I think it is great that we get this information [about women] because I'm Italian, too, and it is my heritage. They always say the men did this and the men did that. The men my eye! It was the women who did all the work. Oh Lord, yes!
What did I have there? No relatives. . . . It was a hard life and I was glad. . . . I felt that no one dies in this country. That was the big thing . . . being killed and dying . . . we're going to a country where no one dies. . . . I was coming from a life of running and running and running away, and worrying about being killed and being hunted!
I wasn't afraid of anything, I had my mother and I had my relatives and I had my people . . . from the same country, the same town that I came from, so I really wasn't worried.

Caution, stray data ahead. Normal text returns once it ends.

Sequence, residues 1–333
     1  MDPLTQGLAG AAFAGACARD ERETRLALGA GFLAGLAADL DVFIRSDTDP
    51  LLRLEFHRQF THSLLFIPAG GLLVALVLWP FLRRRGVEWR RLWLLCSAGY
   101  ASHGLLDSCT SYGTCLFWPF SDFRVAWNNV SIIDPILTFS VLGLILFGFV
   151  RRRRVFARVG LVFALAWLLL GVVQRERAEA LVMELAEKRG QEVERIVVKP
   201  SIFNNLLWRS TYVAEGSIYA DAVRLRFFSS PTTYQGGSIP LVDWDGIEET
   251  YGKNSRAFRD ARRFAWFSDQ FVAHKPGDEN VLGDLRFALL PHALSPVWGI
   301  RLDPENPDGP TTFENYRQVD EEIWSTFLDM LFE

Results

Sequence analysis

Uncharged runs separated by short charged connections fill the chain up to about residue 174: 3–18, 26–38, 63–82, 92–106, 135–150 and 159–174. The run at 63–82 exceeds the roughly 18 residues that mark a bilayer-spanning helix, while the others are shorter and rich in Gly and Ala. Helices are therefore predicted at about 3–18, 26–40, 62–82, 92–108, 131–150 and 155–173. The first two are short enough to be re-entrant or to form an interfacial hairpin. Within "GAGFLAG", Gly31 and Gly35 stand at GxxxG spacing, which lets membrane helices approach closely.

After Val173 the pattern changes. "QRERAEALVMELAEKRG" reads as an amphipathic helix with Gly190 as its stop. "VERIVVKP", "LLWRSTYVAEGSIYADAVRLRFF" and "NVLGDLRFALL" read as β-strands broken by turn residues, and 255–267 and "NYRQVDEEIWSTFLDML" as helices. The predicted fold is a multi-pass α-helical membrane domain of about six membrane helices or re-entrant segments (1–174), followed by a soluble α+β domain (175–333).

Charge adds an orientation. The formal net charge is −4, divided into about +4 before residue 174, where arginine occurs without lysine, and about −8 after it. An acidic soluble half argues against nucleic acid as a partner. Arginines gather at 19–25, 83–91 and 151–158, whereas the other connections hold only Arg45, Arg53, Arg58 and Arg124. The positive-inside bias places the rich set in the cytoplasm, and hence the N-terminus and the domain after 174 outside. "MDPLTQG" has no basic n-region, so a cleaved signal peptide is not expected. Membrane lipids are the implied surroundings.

In the wake of World War I, an extraordinary group of women emigrated from Europe to the United States under austere conditions. The ways they chose to assimilate and differentiate themselves from mainstream American culture, and the experiences they had interacting with cultural, political, and economic institutions, offer rich insight into the process of cultural change and women's special role within it. This book considers the stories of 100 Italian and Jewish immigrant women who built lives and families in New York.____________________